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In my articles part 1 and part 2 , I explained various parameters which could be tuned for achieving optimized performance from Hbase. In part 3, we discussed some scenarios and aspects to focus while investigating performance issues. Continuing this series, part 4 covers some system and network level investigations.


Along with investigating potential issues at HBASE and HDFS layer, we must not ignore system side of thingslike OS, network and disks. We see several cases everyday when severe issues at this layer are identified.Detailed investigation is beyond the scope of this article , but we should know where to point fingers. The triggering factor to look at system side are messages such as following in datanode logs at the time of performance issue.

WARN datanode.DataNode ( - Slow BlockReceiver write data to disk cost:317ms (threshold=300ms)

Following are some of several tests we could do to ascertain disk performance:

- Run dd test to check read and write throughput and latencies.

For checking write throughput:

dd bs=1M count=10000 if=/dev/zero of=/data01/test.img conv=fdatasync

For checking read throughput:

dd if=/data01/test.img of=/dev/null bs=1M count=10000

Where /data is one of your data node data disk.

- For checking latencies either during read or write, prepend “time” command before above commands and you will know how much time it took to complete these operations and also if the actual delays were from user side or system side. Compare these results with the agreed upon throughputs with your storage vendor / Cloud service providers.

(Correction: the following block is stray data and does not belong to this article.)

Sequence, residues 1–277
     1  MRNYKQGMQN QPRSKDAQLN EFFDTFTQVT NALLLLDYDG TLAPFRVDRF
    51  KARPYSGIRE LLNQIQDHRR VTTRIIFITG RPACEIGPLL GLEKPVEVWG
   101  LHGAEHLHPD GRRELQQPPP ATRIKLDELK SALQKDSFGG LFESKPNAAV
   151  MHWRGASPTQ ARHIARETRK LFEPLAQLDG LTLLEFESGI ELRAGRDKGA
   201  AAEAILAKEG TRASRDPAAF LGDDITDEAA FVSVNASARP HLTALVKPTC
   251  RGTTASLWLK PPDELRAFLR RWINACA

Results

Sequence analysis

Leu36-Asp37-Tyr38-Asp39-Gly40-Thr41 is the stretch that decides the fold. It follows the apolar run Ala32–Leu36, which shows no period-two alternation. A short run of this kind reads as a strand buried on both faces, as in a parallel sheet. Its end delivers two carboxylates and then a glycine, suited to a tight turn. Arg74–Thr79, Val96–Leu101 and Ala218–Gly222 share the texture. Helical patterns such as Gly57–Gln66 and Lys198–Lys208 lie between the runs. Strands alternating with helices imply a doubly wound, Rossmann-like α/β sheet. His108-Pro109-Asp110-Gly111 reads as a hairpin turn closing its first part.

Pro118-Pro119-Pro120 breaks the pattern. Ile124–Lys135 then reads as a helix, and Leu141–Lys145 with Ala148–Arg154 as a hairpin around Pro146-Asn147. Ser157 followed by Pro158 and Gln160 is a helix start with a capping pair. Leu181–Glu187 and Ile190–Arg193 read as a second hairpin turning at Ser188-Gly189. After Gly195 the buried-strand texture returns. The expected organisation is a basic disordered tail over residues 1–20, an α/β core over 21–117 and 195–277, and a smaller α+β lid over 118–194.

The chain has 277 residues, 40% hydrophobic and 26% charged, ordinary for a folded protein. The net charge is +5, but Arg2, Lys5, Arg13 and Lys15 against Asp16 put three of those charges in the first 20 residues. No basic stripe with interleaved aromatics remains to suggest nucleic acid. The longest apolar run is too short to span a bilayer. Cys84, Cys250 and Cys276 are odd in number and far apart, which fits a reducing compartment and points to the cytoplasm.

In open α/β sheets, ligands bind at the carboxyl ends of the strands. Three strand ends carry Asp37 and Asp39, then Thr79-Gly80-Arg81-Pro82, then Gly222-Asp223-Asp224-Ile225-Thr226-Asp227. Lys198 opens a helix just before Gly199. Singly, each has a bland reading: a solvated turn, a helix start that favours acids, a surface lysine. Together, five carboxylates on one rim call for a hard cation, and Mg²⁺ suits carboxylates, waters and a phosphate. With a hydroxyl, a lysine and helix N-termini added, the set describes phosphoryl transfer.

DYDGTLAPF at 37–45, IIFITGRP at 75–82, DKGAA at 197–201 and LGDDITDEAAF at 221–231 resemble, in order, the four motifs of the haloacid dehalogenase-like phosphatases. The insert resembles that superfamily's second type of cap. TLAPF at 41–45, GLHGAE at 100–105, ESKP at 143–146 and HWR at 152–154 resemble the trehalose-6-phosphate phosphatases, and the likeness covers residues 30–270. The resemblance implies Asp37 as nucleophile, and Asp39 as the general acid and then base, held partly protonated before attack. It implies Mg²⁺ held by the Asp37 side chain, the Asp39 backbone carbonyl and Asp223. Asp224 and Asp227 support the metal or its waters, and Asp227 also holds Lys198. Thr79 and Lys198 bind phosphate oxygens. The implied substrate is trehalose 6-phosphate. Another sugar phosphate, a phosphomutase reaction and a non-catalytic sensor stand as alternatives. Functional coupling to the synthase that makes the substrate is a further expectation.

- Another important tool is Linux “ iostat” command which provides great deal of advanced information to diagnose such as how much time an IO request was in IO scheduler queue, disk controller queue, how many requests were waiting in queues, how much time disk took to complete an IO operation etc.

- This command could very well explain if your work load is way beyond your disk capacities or if your disks have issues either at hardware or driver / firmware level.

Another detailed article could be written to explain each and every parameter specified in this command but that’s beyond the scope of this article, some parameters though need highlighted:

A. Await: Covers the time that is taken through scheduler, driver, controller, transport (for example fibre san), and storage needed to complete each IO. Await is the average time, in milliseconds, for I/O requests completed by storage and includes the time spent by the requests in the scheduler queue and time spent by storage servicing them.

B.. avgqu-sz : the average number of IO queuedwithin both the IO scheduler queue and storage controller queue.

C. Svctm : Actual service time storage / disk took to serve IO request excluding all queue latencies.

D. Util : Percentage utilization of each disk.